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Scarifying lawn.

Hi everyone.I scarified my lawn last November as it had a lot of spongy yellow thatch,I used an electric Scarifier,& got loads of it up.It’s now nearly as bad again.Is it ok to do it again this spring.Many thanks in advance.
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  • FairygirlFairygirl west central ScotlandPosts: 46,286
    Not something I often do, but the electric scarifiers do remove a lot of thatch and moss compared to doing it by hand with a rake.
    In shady damp sites, grass can be in short supply over winter, so you may have to look at whether it's worth having grass too. 
    I'm sure you can probably do it again, but others may be able to advise better. You'll probably need to reseed too.
    I tend to leave moss in mine most of the time, because I'm not that bothered. Once the ground and the temps warm up, the grass takes over well enough.  :)
    It's a place where beautiful isn't enough of a word....


  • Pauline 7Pauline 7 West Yorkshire Posts: 2,105
    I sacrificed my grass with an electric scarier in the autumn and did it by hand last weekend. 
  • JennyJJennyJ DoncasterPosts: 6,106
    I do mine once a year in the autumn. On the rare occasion I've scarified in spring, it didn't recover quickly, I think maybe because the weather tends to be drier in spring than autumn, and a lot of weeds came in.
  • FairygirlFairygirl west central ScotlandPosts: 46,286
    That's a good point @JennyJ. We're the opposite way round - autumn is a better time for a lot of things, as it can be much warmer and drier than this time of year.

    That's where getting some grass seed in quickly would be a good idea too, if @Elizabeth225 is doing it soon. Assuming the location is suitable enough in terms of warmth etc.  :)
    It's a place where beautiful isn't enough of a word....


  • JennyJJennyJ DoncasterPosts: 6,106
    I just had a look up of monthly rainfall averages, 1991 to 2020 https://www.metoffice.gov.uk/research/climate/maps-and-data/uk-climate-averages/gcx21p9fr  Our wettest month is October (a bit over 56mm) and the driest is March (32mm). Picking a random weather station in west-central Scotland https://www.metoffice.gov.uk/research/climate/maps-and-data/uk-climate-averages/gcuvdyxy0 , the driest month is April with 66mm.
    I reckon @Fairygirl's driest month is, on average, wetter than my wettest, so it's not surprising that the best time to do things in the garden varies a bit depending where you are. If you think you'll get plenty of rain so that grass will recover well from scarifying now @Elizabeth225, then go ahead and give it another go.

  • FairygirlFairygirl west central ScotlandPosts: 46,286
    Interesting @JennyJ. I'm always surprised that you area is so dry though. I'd never have thought your wettest month was so dry  :)
    The only thing I'd slightly dispute is the months they reckon are the driest here, although it's probably down to the distribution of the rain, and averages are just that - averages.
    We possibly have more wet days in April, but the wet days in May might have more rain during them. May is always considered a drier month up here. September too, because the summer months are often very wet.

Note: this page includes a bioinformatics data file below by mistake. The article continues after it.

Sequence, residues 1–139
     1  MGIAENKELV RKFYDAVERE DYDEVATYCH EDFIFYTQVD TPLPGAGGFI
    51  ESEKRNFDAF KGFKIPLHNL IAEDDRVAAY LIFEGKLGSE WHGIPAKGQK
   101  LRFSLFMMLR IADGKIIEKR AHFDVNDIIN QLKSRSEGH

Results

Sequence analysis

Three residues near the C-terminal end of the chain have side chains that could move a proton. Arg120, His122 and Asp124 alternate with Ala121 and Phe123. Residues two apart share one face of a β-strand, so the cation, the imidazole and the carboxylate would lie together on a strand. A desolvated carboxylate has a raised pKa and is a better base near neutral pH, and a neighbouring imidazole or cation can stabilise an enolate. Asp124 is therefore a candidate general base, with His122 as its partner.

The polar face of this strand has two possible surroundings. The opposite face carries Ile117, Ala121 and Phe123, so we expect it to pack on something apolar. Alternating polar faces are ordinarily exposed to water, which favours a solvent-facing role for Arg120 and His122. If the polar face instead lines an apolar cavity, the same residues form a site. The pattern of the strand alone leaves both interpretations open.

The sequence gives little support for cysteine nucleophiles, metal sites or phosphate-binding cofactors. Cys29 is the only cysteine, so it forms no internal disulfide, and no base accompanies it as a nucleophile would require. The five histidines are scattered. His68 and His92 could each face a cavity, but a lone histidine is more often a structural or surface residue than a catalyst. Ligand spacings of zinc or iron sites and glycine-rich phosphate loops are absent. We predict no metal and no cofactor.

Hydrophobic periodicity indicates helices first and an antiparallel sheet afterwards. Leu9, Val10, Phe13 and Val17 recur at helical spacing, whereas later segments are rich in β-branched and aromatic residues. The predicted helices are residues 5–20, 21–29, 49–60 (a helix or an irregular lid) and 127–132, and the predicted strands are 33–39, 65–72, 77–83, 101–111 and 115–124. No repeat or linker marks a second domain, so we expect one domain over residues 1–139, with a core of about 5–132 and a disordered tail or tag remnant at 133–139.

Those are the best two months for holidaying, or generally being out and about, as they tend to be sunnier too. April often has sleet and snow,  so actual rainfall might strictly be a bit less because of that. I don't know how they calculate it. Our average annual rainfall is around 4 feet, about 5 feet further north.
    East side is always drier than the west, although the south west of Scotland can have a lot more dry weather than further north where I am.

    Last year's weather will have knocked the averages a fair bit though!
    It's a place where beautiful isn't enough of a word....


  • JennyJJennyJ DoncasterPosts: 6,106
    I might not have picked the closest weather station for you @Fairygirl, there were a lot of choices around there so I just guessed. A friend of mine who knows about such things says we're in the rain shadow of the Pennines, but too far from the coast to get the coastal stuff. It certainly rains a lot more at my parents' place in Sheffield which is maybe 25 miles or so further West. Those rainfall forecast maps on the met office site often show rain coming towards us and then stopping or going around us.

  • FairygirlFairygirl west central ScotlandPosts: 46,286
    That makes sense @JennyJ. It's the same reasoning for here - a lot of hills, so the west gets the rain created by that cloud that hangs onto them - just when you're hoping for a summit view  ;)
    The east has lots of hills too of course, but they're quite different from western ones. 

    My sister is only 40 miles away from me [just west of Edinburgh] and it's surprising just how much drier it is there.  :)
    It's a place where beautiful isn't enough of a word....


  • GardenerSuzeGardenerSuze South NottsPosts: 1,174
    It hardly rained hear at all in January which is very strange. It was cold but I did manage to dig out a new border before it got too wet bizarre!
  • FairygirlFairygirl west central ScotlandPosts: 46,286
    We had the driest January on record here @GardenerSuze. Most peculiar, but I did a lot of jobs that would normally have to wait for the odd dry, milder day at this time of year.  :)
    It's a place where beautiful isn't enough of a word....


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